Friday, August 22, 2014

Reflection: Staying Fearless in the Midst of Change

The first weeks of school are always challenging. There are ups and downs. It's funny because exactly this week last year I wrote the post, "New Teachers: What Happens When the Honeymoon Ends." Read it here: 
Ha! I have to laugh at myself a little bit. At the time of that post, I truly felt that my passion for education was suddenly waning. I feared I'd be unable to connect with my new students as I had with my previous ones. So, I woefully cried out upon the blogger page only to soon learn that it was nonsense. I went on to have a fantastic and fulfilling year with my students full of passionate teaching!

However, with every new year comes new challenges....

Outside of new students, new curriculum, and an entirely new grade level of standards I'm learning this school year, there's also a new teacher evaluation system and standardized test coming down the pike for teachers within the state of Georgia. All this change has left many teachers (me included) feeling a bit cranky, uncertain, or off balance at times. So, for my reflection this week, I'd like to highlight a few ways in which I plan to stay fearless in the midst of change in the school year ahead. 

1. Stick to My Personal Mission: I promised myself when I began my career as an educator that my students would always come first! I would never become so absorbed with worry over my students passing the standardized tests that I'd lose total focus on the fact that I'm teaching humans, not robots. That doesn't mean I avoid preparing students for success on the test. It's just not the central motivation for what I do in the classroom. 

2. I Won't Quit When the Going Gets Tough!: There are teachers I've met who've decided to leave public education due to their frustrations over the strong emphasis on standardized testing. They're fed up. I understand their concerns, but at the same time, I wonder, "Who's left to teach the kids?" I REFUSE to throw away my life's mission as a public educator due to frustrations over a simple test. What is the worst case scenario of students not doing well? I assume it would be losing my job. I've lived through job loss within my family, and although tough--there are worse things in life. I'm confident I'd find gainful employment elsewhere. In the meanwhile, I'll stay fearless, and teach on!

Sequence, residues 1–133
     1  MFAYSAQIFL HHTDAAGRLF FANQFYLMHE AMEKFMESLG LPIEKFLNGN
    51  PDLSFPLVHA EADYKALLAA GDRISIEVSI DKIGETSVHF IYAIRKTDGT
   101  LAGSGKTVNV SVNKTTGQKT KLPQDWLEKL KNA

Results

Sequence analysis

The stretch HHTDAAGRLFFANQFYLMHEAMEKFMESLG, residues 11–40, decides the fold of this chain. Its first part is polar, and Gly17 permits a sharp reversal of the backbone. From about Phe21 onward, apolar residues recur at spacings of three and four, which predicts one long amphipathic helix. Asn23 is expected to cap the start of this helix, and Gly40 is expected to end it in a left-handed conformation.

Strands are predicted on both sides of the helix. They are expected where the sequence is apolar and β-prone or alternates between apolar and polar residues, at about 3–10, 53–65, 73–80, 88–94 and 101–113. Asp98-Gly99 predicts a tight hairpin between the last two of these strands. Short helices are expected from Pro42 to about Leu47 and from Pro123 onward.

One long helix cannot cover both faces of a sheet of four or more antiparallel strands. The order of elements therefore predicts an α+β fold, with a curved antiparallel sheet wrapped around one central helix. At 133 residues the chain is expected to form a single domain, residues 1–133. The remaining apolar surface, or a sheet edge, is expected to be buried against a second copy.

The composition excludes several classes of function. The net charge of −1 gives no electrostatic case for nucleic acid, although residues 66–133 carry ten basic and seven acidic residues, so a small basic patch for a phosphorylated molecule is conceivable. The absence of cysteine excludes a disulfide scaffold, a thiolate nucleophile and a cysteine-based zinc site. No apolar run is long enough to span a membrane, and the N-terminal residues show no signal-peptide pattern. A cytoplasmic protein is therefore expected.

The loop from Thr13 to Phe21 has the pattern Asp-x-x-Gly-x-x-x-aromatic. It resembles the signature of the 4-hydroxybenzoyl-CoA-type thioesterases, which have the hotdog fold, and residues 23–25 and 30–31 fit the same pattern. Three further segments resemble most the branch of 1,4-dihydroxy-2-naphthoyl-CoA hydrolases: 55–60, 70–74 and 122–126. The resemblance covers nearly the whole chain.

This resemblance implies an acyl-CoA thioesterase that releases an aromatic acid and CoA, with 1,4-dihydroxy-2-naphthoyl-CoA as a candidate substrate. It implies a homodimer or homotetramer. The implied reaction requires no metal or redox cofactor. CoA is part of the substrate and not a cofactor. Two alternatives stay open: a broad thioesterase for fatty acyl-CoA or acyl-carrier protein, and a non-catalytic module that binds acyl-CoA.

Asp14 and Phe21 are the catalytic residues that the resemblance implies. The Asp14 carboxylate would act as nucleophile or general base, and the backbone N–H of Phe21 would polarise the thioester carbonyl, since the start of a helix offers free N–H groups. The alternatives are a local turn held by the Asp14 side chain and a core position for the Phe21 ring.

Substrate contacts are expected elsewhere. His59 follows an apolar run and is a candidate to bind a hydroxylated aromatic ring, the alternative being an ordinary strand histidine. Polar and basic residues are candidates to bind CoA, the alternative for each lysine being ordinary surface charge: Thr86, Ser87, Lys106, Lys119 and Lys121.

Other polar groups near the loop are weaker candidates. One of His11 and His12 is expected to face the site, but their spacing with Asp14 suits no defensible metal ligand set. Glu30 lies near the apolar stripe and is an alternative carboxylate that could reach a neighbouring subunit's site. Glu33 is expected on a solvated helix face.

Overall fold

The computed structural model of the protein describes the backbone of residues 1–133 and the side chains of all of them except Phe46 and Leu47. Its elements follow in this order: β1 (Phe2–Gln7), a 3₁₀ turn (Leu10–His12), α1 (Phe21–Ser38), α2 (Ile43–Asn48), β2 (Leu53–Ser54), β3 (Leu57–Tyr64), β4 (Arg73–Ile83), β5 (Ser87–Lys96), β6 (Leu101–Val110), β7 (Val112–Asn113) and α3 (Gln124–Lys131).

3. I'll Be Consistent and Do Things the Right Way: I'll strive for excellence every day. That means: offering units, lessons, and assessments that will prepare each student for academic success which will lead to strong yearly growth; collaborating with teachers within my grade level, across grade levels, and with other schools; pushing students to reach their academic goals-teaching them not to quit; tutor--provide scaffolding outside the normal school day; communicate with parents consistently and help them to be partners in their child's education; continually learn--attend conferences; be a positive force every single day with my students, colleagues, and parents; help other teachers to feel safe; reflect on my teaching weekly; daily professional dress; and always help someone else's day be a little bit brighter. Excellence is about doing the right things even when you're tired. It's about bringing--it--every day. Did you notice I repeated--every day--several times? Excellence only comes from being consistent. 

I know that if I do these things with integrity, I won't have to worry about the end of year test results. Strong scores will be there, because I took the steps to ensure the success of every student in my classroom. As a result, I will have happy, successful students, and a fulfilling and gratifying school year.   

Wishing all educators an excellent and passion filled year ahead! 

1 comment:

Beth said...

Your students are lucky to have such an enthusiastic, determined teacher. And since I've known you for 35 years I can say without a doubt, once you make up your mind, it's done!